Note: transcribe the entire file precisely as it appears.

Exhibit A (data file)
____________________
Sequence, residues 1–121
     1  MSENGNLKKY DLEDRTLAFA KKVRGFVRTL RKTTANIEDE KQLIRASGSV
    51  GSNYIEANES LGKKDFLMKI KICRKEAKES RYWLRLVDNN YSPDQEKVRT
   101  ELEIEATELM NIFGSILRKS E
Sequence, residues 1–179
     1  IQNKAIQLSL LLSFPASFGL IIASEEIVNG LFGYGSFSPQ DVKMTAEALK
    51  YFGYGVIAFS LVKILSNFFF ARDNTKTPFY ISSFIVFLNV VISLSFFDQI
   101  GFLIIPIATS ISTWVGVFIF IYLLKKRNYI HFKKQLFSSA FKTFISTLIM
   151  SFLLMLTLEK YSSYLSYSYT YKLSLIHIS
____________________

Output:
Sequence, residues 1–121
     1  MSENGNLKKY DLEDRTLAFA KKVRGFVRTL RKTTANIEDE KQLIRASGSV
    51  GSNYIEANES LGKKDFLMKI KICRKEAKES RYWLRLVDNN YSPDQEKVRT
   101  ELEIEATELM NIFGSILRKS E
Sequence, residues 1–179
     1  IQNKAIQLSL LLSFPASFGL IIASEEIVNG LFGYGSFSPQ DVKMTAEALK
    51  YFGYGVIAFS LVKILSNFFF ARDNTKTPFY ISSFIVFLNV VISLSFFDQI
   101  GFLIIPIATS ISTWVGVFIF IYLLKKRNYI HFKKQLFSSA FKTFISTLIM
   151  SFLLMLTLEK YSSYLSYSYT YKLSLIHIS